ENIOLA ADEDAPO ON GETTING PROMOTED EVERY YEAR FOR THE DURATION OF HER CAREER
British Nigerian, Eniola Adedapo graduated from the University of Leicester with an LLB degree; for her, that should have meant a career in law practice but you know what they say: ‘Life is what happens when you’re busy making other plans’, true to this statement, it’s been quite the opposite for the just turned 30-year-old – a testament to the fact that the world is indeed fast evolving and nothing is quite as clear-cut anymore. She didn’t quite enjoy the legal profession but having worked in the banking sector during her gap year, she decided she’d give banking a shot.
Admittedly, she has moved around quite a bit in the banking sector trying out new roles and getting out of her comfort zone-an attribute that every employee needs to possess in this fast-paced era, to have staying power within an organisation – something Eniola has mastered quite well.
I've had a promotion every year for the last 6years…they weren't 'given' to me.. It's been blood sweat & tears and I have earned this without compromising my values.
I'm a great cook
I'm creative & a problem solver
I have looooong legs 😄
I'm a Guinness World record holder https://t.co/GEKyT8dw9O
— Eniola💋 (@Littlemrs_A) June 28, 2018
As an employee within the Lloyds Banking Group, one of the “Big Four” British retail and commercial banks with branches across England and Wales; she has been promoted not once, but six consecutive times throughout the duration of her 6-year career. But it hasn’t always been so easy.
I started my career in February 2012 as a cashier at Lloyds Bank. It was a role I had to take because my family was going through financial difficulty and I had to support myself and my sister in England – I could not afford to wait and apply for a graduate role straight out of law school. I remember in my interview the woman said to me ‘you are quite overqualified for this role…promise me you won’t be on the counter in 6 month’s time’…I promised her I wouldn’t – and 6 months later, I bagged my first promotion.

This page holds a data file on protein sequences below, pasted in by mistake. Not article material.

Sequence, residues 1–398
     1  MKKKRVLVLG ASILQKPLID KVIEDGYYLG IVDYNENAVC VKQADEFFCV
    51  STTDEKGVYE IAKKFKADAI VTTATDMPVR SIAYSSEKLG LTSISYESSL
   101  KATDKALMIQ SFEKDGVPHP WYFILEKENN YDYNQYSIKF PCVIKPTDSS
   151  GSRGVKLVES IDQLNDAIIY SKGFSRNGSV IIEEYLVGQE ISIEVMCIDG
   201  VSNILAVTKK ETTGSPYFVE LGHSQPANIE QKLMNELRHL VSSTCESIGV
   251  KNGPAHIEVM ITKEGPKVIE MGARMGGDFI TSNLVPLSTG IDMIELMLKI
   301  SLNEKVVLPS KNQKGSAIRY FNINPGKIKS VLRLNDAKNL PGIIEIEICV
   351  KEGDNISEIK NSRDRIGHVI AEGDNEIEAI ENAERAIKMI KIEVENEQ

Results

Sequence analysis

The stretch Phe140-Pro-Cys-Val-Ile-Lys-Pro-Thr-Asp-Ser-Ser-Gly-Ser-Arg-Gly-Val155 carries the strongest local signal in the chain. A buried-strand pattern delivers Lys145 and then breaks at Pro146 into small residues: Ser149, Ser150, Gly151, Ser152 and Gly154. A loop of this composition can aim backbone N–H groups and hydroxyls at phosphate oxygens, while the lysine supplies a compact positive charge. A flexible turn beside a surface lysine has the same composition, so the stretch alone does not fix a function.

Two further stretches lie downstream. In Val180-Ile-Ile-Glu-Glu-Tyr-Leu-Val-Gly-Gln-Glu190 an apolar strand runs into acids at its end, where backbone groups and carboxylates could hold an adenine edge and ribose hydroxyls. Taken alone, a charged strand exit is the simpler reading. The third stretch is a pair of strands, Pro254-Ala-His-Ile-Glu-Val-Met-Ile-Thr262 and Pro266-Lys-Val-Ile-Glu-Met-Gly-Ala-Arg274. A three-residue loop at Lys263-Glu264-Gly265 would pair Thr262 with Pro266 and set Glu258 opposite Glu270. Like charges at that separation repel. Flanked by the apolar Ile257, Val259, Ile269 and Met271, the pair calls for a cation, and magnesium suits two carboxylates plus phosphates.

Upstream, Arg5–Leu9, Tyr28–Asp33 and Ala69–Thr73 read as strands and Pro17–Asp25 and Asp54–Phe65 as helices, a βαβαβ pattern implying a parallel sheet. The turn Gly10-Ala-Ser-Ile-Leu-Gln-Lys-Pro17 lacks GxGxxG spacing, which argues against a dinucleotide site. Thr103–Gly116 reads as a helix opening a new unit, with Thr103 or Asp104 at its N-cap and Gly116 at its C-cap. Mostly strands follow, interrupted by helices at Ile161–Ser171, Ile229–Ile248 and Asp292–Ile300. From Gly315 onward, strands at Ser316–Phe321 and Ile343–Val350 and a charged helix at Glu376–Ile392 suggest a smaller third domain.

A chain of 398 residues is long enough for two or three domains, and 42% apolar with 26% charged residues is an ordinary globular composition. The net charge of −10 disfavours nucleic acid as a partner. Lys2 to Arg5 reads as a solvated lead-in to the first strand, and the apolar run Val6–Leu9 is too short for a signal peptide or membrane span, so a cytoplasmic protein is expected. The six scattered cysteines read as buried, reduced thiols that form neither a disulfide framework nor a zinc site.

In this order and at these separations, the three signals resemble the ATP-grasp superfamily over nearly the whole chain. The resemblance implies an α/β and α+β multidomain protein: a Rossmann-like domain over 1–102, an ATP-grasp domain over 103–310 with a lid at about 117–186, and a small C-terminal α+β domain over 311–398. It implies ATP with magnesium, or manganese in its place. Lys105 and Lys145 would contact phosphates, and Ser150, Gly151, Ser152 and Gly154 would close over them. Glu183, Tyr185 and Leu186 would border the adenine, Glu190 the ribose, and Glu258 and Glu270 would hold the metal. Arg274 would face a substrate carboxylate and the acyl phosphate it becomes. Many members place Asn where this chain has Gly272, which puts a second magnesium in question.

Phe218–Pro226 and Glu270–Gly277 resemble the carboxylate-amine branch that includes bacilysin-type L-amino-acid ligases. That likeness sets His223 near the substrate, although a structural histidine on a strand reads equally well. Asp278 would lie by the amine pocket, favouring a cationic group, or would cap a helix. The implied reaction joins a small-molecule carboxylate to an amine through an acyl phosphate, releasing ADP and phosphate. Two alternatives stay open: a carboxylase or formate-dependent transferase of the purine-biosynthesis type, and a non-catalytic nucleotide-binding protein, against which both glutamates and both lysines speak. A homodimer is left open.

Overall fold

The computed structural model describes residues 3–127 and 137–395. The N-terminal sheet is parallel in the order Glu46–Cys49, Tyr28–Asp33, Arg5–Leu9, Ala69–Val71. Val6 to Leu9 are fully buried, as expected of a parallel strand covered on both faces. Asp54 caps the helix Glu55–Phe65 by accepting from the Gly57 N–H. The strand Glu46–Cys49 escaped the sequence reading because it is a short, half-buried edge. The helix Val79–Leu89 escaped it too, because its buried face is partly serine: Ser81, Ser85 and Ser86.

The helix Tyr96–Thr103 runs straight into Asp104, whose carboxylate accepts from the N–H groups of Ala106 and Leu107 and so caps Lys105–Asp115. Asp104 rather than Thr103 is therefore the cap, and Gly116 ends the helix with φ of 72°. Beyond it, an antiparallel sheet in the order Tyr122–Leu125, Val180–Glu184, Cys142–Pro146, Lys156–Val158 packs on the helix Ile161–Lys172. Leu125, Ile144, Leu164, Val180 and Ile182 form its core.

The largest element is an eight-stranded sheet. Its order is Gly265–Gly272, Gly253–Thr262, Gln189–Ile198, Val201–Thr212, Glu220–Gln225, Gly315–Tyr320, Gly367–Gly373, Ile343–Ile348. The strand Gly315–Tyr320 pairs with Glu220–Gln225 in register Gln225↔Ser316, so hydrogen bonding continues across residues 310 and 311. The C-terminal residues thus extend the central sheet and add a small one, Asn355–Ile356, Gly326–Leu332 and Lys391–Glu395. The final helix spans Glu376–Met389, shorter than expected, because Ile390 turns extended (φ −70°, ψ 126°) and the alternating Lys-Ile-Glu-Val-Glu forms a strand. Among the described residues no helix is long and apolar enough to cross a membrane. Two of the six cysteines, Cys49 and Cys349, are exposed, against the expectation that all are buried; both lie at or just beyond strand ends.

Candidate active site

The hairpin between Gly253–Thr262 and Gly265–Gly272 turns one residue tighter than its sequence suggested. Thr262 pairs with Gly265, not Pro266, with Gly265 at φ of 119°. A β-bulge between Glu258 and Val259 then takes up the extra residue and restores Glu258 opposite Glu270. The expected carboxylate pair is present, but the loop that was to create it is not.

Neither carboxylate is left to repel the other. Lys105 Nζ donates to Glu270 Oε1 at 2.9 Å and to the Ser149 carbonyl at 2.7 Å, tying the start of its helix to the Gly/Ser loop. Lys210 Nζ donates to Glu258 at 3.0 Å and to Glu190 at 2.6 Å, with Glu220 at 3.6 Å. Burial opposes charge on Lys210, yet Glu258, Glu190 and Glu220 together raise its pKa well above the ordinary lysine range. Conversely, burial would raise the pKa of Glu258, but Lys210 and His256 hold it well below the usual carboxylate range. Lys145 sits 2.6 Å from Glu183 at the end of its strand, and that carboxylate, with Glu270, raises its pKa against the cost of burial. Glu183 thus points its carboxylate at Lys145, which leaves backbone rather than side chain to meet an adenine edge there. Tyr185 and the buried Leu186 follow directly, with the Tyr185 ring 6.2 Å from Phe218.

In this interview, she speaks to us about maneuvering the corporate world especially as a female Nigerian in the diaspora and we’re happy to take notes:
1 Please tell us a little about yourself? (details such as your full name, education, peculiar stories about your childhood, hobbies, pet peeves etc. please include when and how you started out your career in the corporate world, the name of the organisation you currently work in and your position)
Name: Eniola Adedapo
Education: LLB Law, University of Leicester, LPC University of Law, Chartered Banker Diploma, BPP University (In Progress)
Organisation: Lloyds Banking Group
Role: Business Manager to Distribution Delivery Director, Lloyds Banking Group
Hobbies: Bullet Journaling, running and reading.
Childhood: Growing up I wanted to be a graphic designer…with African parents, no prizes for guessing why that never happened!
Pet Peeves: Inefficiency